BRCA1/2 mutations and expression: response to platinum chemotherapy in patients with advanced stage epithelial ovarian cancer.
ABSTRACT Our objective was to determine the rate of BRCA1/2 deficiency in platinum-sensitive and platinum-resistant tumors from a cohort of unselect patients with advanced epithelial ovarian cancer (EOH).
BRCA1/2 mutation analysis was performed in 29 patients with platinum-sensitive EOC and 24 patients with platinum-resistant disease. Germline DNA was analyzed in mutation carriers when normal tissue was available. BRCA expression was ascertained by quantitative rt-PCR. Associations between BRCA mutation status and expression levels and parameters of platinum response were analyzed.
Fifteen of 53 (28.3%) EOC tumors had BRCA1/2 mutations. Twelve mutations were in BRCA1, while 3 involved BRCA2. Of the 12 mutation-carriers with normal tissue available for DNA analyses, 33.3% of the mutations were found to be somatic. Three mutations were novel. The majority of BRCA mutations (73%) were identified in patients with platinum-sensitive disease. In total, 38% of platinum-sensitive tumors were found to have a BRCA mutation, compared to 17% of the platinum-resistant patients. A statistical trend toward platinum-sensitive disease was seen in BRCA mutation carriers (p=0.079). Nineteen (36%) study patients had some form of BRCA deficiency, and these patients were less likely to have platinum-resistant tumors (OR=0.29; p value=0.048).
BRCA mutations occurred more frequently in platinum-sensitive EOC than platinum-resistant disease. The high overall frequency of BRCA deficiency in EOC underscores the importance of tumor profiling as therapies targeting the DNA repair pathway are being investigated.
- SourceAvailable from: Hiroshi Haeno[Show abstract] [Hide abstract]
ABSTRACT: Platinum drugs and PARP inhibitors ("PARPis") are considered to be effective in BRCA-associated cancers with impaired DNA repair. These agents cause stalled and collapsed replication forks and create double-strand breaks effectively in the absence of repair mechanisms, resulting in arrest of the cell cycle and induction of cell death. However, recent studies have shown failure of these chemotherapeutic agents due to emerging drug resistance. In this study, we developed a stochastic model of BRCA-associated cancer progression in which there are four cancer populations: those with (i) functional BRCA, (ii) dysfunctional BRCA, (iii) functional BRCA and a growth advantage, and (iv) dysfunctional BRCA and a growth advantage. These four cancer populations expand from one cancer cell with normal repair function until the total cell number reaches a detectable amount. We derived formulas for the probability and expected numbers of each population at the time of detection. Furthermore, we extended the model to consider the tumor dynamics during treatment. Results from the model were validated and showed good agreement with clinical and experimental evidence in BRCA-associated cancers. Based on the model, we investigated conditions in which drug resistance during the treatment course originated from either a pre-existing drug-resistant population or a de novo population, due to secondary mutations. Finally, we found that platinum drugs and PARPis were effective if (i) BRCA inactivation is present, (ii) the cancer was diagnosed early, and (iii) tumor growth is rapid. Our results indicate that different types of cancers have a preferential way of acquiring resistance to platinum drugs and PARPis according to their growth and mutational characteristics.PLoS ONE 08/2014; 9(8):e105724. · 3.53 Impact Factor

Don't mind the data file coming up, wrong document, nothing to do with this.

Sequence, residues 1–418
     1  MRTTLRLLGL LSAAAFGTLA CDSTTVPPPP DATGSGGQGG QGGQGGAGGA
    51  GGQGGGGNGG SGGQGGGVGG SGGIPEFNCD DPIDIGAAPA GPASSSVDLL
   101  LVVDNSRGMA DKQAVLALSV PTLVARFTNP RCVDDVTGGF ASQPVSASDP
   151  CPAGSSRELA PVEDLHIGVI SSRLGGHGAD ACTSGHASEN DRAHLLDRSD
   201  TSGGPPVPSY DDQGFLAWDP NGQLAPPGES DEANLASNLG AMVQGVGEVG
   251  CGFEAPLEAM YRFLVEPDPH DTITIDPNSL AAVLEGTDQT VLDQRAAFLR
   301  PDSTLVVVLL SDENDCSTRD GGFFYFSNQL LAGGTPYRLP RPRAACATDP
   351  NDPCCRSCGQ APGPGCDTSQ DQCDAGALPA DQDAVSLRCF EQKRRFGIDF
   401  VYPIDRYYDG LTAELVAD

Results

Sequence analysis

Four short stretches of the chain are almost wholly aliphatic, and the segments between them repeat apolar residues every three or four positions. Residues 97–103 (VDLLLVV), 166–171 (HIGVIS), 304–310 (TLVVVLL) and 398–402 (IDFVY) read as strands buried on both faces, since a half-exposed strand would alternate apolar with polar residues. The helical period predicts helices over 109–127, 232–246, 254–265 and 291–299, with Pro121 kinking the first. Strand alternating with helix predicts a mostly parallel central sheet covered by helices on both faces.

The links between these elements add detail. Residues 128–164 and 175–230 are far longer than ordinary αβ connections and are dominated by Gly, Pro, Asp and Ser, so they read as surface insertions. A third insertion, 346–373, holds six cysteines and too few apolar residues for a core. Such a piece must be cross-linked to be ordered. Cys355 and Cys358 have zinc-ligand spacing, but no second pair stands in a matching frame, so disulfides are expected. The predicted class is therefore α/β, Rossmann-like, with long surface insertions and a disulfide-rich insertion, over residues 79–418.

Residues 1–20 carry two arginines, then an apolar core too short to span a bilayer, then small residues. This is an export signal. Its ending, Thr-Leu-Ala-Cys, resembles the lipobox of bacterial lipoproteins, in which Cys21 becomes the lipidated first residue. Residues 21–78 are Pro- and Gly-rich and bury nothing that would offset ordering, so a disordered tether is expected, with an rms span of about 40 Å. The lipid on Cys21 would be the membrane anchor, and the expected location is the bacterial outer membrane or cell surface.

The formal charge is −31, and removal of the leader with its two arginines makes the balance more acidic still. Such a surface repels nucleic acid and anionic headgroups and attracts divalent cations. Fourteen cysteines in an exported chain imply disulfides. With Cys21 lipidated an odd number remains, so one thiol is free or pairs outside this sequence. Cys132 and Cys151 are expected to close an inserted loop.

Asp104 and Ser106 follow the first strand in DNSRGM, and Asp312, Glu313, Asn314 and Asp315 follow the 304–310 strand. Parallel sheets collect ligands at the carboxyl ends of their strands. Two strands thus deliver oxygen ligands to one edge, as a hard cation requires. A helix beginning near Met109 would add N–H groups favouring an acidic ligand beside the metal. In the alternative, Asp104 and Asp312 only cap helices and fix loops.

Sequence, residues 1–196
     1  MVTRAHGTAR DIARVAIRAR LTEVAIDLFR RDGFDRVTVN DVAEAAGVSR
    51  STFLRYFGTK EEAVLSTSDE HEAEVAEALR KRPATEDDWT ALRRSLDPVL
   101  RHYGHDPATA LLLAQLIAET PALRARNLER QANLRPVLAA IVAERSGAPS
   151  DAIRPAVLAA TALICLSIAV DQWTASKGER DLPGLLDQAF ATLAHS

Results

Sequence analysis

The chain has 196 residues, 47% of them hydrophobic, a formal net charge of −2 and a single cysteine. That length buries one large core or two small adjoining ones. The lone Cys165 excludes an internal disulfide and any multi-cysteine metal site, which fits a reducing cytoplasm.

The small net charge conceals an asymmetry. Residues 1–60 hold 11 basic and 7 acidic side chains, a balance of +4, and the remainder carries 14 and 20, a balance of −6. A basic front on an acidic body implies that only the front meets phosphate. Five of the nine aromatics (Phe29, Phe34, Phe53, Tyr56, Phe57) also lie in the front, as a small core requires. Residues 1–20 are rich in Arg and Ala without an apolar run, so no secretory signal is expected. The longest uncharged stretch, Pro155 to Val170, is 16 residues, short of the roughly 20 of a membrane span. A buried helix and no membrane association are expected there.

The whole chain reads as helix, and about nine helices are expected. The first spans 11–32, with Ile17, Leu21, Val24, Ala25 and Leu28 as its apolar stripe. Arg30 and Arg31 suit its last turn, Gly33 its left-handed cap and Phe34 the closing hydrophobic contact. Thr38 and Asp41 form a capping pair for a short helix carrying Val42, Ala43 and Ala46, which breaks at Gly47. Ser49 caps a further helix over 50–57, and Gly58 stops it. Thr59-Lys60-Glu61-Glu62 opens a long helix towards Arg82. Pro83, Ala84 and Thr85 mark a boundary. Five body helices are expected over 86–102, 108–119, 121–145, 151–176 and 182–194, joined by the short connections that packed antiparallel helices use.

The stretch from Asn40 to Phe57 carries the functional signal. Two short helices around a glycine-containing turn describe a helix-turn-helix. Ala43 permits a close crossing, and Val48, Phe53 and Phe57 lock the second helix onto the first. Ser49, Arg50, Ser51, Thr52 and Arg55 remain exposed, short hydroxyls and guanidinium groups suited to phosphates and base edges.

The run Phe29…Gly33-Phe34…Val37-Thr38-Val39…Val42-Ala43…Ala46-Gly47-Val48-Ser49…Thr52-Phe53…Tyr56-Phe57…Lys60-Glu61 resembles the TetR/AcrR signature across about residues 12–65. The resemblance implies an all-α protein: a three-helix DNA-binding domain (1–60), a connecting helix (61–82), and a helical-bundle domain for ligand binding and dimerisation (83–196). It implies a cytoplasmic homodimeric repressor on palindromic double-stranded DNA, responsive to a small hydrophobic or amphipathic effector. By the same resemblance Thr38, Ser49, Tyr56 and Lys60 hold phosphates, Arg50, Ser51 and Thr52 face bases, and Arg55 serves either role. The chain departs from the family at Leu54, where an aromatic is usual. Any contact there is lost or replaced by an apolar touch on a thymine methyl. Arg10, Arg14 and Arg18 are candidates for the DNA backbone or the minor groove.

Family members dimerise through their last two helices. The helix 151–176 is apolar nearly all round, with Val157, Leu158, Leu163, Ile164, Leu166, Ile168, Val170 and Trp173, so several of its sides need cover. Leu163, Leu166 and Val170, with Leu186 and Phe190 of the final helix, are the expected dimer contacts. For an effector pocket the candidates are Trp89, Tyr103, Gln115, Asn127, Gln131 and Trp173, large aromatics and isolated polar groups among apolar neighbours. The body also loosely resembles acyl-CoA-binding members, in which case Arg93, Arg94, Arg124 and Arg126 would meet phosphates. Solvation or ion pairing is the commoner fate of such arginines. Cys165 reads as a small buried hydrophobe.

- [Show abstract] [Hide abstract]
ABSTRACT: Maintenance monotherapy with the PARP inhibitor olaparib significantly prolonged progression-free survival (PFS) versus placebo in patients with platinum-sensitive recurrent serous ovarian cancer. We aimed to explore the hypothesis that olaparib is most likely to benefit patients with a BRCA mutation.The Lancet Oncology 05/2014; · 25.12 Impact Factor
- [Show abstract] [Hide abstract]
ABSTRACT: The role of BRCA dysfunction on the prognosis of patients with epithelial ovarian cancer (EOCs) remains controversial. This systematic review tried to assess the role of BRCA dysfunction, including BRCA1/2 germline, somatic mutations, low BRCA1 protein/mRNA expression or BRCA1 promoter methylation, as prognostic factor in EOCs. Studies were selected for analysis if they provided an independent assessment of BRCA status and prognosis in EOC. To make it possible to aggregate survival results of the published studies, their methodology was assessed using a modified quality scale. Of 35 evaluable studies, 23 identified BRCA dysfucntion status as a favourable prognostic factor. No significant differences were detected in the global score of quality assessment. The aggregated hazard ratio (HR) of overall survival (OS) of 34 evaluable studies suggested that BRCA dysfunction status had a favourable impact on OS (HR = 0.69, 95% CI 0.61-0.79), and when these studies were categorised into BRCA1/2 mutation and low protein/mRNA expression of BRCA1 subgroups, all of them demonstrated positive results (HR = 0.67, 95% CI: 0.57-0.78; HR = 0.62, 95% CI: 0.51-0.75; and HR = 0.51, 95% CI: 0.33-0.78, respectively), except for the subgroup of BRCA1 promoter methylation (HR = 1.59, 95% CI: 0.72-3.50). The meta-analysis of progression-free survival (PFS), which included 18 evaluable studies, demonstrated that BRCA dysfunction status was associated with a longer PFS in EOC (HR = 0.69, 95% CI: 0.63-0.76). Patients with BRCA dysfunction status tend to have a better outcome, but further prospective clinical studies comparing the different BRCA statuses in EOC is urgently needed to specifically define the most effective treatment for the separate patient groups.PLoS ONE 05/2014; 9(5):e95285. · 3.53 Impact Factor